True Cost Economics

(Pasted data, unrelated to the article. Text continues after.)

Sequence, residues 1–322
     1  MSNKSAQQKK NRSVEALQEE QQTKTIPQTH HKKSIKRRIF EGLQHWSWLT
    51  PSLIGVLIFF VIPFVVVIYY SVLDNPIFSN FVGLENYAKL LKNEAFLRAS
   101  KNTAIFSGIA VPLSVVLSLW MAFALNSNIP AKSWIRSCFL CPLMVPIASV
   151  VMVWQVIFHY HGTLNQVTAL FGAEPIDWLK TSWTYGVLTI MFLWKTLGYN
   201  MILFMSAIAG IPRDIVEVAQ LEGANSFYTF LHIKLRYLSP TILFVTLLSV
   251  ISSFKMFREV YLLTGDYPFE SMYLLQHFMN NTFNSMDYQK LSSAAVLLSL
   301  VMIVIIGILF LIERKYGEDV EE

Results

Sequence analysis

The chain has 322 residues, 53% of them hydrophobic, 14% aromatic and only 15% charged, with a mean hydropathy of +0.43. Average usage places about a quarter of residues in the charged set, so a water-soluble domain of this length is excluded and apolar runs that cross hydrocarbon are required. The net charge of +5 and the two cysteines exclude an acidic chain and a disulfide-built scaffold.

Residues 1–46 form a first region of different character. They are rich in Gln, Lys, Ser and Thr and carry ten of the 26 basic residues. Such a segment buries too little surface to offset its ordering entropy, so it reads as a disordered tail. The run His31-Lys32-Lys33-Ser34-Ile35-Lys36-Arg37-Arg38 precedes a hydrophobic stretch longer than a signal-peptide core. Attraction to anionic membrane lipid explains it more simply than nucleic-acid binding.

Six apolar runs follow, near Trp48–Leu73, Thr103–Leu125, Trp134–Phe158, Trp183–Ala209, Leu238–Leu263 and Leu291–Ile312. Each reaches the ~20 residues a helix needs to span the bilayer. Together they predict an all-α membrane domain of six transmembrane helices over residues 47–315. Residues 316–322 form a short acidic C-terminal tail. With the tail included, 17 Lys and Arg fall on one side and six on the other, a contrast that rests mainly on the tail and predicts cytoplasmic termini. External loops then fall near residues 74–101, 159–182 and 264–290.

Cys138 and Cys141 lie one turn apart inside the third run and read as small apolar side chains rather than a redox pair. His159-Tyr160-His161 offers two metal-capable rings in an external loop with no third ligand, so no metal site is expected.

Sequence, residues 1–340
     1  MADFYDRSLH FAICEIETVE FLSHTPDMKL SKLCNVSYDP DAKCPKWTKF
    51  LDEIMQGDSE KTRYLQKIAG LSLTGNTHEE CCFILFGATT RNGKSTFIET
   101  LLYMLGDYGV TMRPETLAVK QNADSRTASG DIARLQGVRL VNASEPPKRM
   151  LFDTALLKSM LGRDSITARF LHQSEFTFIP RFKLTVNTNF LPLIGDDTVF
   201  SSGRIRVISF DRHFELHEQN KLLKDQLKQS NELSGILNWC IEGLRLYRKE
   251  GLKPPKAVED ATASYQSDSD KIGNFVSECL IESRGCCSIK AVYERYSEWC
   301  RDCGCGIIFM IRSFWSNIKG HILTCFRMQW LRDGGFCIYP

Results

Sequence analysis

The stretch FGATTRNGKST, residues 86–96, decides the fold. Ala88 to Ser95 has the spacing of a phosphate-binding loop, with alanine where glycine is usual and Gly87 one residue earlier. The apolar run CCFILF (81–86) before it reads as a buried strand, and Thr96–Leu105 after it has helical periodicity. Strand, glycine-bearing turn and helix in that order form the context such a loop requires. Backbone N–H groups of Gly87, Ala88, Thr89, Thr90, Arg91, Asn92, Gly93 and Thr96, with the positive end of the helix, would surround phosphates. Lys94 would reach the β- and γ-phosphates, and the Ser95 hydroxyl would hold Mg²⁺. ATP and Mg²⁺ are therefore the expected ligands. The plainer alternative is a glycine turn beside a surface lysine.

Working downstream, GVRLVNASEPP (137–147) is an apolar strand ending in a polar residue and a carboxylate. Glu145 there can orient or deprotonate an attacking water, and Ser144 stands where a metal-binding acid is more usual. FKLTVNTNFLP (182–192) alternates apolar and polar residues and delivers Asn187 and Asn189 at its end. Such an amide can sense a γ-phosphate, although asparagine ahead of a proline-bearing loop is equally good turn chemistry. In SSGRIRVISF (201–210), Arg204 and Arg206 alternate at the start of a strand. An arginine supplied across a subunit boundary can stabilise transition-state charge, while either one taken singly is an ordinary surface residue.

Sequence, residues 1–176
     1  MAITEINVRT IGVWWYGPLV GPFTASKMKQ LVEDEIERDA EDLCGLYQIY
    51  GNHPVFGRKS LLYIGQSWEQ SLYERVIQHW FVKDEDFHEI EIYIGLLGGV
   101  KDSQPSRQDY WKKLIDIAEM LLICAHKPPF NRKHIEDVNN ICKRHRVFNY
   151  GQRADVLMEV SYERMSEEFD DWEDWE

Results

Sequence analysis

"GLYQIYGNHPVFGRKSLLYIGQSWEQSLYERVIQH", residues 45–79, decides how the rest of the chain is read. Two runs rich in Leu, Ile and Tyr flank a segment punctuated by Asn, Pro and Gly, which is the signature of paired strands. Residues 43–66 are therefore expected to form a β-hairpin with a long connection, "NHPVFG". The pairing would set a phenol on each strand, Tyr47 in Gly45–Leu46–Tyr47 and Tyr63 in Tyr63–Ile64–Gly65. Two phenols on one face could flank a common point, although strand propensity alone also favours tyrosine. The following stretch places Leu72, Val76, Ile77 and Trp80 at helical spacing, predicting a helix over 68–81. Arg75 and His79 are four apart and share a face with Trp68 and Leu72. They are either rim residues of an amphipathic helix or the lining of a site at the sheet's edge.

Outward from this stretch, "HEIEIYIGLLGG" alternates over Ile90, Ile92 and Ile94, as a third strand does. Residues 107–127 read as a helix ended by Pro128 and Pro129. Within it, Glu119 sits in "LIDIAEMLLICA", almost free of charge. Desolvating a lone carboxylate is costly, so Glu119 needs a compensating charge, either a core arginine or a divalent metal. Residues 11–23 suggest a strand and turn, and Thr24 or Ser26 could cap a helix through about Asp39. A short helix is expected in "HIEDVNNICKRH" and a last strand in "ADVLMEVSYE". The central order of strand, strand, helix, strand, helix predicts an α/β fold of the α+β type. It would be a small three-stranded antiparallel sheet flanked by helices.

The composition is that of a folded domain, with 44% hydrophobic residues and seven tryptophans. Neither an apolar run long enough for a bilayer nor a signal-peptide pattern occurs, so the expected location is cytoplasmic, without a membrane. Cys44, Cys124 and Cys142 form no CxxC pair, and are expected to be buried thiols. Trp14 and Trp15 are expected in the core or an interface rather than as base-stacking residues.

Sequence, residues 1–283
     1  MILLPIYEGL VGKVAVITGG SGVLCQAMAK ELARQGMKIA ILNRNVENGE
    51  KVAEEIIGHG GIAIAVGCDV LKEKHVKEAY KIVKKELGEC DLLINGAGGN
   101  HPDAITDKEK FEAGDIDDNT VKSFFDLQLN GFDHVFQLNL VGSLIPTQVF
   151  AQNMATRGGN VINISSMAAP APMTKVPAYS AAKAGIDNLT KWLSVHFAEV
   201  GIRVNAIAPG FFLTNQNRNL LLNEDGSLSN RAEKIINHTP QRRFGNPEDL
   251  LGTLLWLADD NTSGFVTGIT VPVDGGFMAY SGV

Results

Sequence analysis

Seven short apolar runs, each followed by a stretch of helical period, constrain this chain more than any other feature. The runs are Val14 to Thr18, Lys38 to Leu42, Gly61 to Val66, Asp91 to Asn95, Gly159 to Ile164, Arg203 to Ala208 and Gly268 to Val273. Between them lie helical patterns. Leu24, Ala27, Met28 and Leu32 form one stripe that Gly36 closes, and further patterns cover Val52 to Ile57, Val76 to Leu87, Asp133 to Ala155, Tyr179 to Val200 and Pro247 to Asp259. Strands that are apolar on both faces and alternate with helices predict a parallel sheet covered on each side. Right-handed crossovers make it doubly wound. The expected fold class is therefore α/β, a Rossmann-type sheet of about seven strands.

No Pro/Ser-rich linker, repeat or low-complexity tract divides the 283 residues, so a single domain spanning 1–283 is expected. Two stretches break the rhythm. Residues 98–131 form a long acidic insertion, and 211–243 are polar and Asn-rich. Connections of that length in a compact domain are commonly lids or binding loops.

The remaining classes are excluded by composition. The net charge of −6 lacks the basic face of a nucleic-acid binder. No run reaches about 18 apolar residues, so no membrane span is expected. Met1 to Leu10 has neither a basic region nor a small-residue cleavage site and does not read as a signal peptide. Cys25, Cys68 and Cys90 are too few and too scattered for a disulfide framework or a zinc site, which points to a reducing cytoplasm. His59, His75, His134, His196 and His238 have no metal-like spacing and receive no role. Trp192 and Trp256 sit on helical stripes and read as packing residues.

What's the price of your lifestyle? Is your living room furnished in blood, or your wardrobe woven of pain and suffering? How about your body - are you fed with diminishment and despair? Every piece of merchandise we buy costs a set amount of work, energy and resources. What we pay for it in cash may - or may not - reflect what went into its making. If we buy cheaply, at a discount store where prices are kept artificially low, then the price is paid by others who have to suffer to make up for the portion of the price we refused to pay. If we allow others to negotiate for costs that leave too small of a margin for fair wages or adequate health concerns, then the price is paid by the destablization of the land and the people and the societies that produce it. But our bargain hunting gets us nowhere. In the end, we pay the full price, with interest - in wars brought about by people pushed too far, by terrorism and riots sparked by those who feel (often rightly) that their people and their land are being drained of life so that the rest of us can buy or drive cheap toys that we don't even appreciate, by environmental degradation that affects us all perpetrated by those simply too powerful to be stopped or too poor to care as long as they can eat and live. We must all face the inevitable fact that human suffering doesn't stop at the suffering human in question, but ripples out to all of us. No matter what the actual price tag says we pay in full measure for what we buy and use, either in cash or in kind. By choosing to buy less and choose more wisely, we allow ourselves the financial breathing space to afford the better, fairer-priced option, and we step away from supplying the negative cycles of economic hardship. Our actions heal rather than harm, support rather than undermine. And in the end, by working together we can give birth to positive, more equitable cycles where everybody benefits fairly and justly and where everyone gets a chance to demand as well as supply. Yes, this does mean that we can't load our carts, our houses and our bodies to overflowing every time we step outside our door. But by choosing quality over quantity, we create better health and a better world for those around us and for ourselves. And that's priceless.


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